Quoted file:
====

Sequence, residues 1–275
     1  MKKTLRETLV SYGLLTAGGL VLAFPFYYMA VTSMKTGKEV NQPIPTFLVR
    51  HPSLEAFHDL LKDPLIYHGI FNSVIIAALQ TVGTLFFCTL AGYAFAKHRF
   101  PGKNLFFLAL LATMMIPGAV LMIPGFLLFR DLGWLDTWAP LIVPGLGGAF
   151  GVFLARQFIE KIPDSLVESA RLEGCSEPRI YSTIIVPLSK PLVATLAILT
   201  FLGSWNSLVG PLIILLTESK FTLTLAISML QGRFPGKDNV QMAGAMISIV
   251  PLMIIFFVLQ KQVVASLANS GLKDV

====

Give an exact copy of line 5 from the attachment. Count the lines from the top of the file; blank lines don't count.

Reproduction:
   151  GVFLARQFIE KIPDSLVESA RLEGCSEPRI YSTIIVPLSK PLVATLAILT